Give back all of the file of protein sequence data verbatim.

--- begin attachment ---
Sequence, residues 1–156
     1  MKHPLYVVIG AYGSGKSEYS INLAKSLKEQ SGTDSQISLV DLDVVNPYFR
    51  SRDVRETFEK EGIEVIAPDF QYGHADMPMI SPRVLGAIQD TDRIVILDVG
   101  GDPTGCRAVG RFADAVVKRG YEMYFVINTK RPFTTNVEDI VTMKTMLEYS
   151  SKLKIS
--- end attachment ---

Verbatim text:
Sequence, residues 1–156
     1  MKHPLYVVIG AYGSGKSEYS INLAKSLKEQ SGTDSQISLV DLDVVNPYFR
    51  SRDVRETFEK EGIEVIAPDF QYGHADMPMI SPRVLGAIQD TDRIVILDVG
   101  GDPTGCRAVG RFADAVVKRG YEMYFVINTK RPFTTNVEDI VTMKTMLEYS
   151  SKLKIS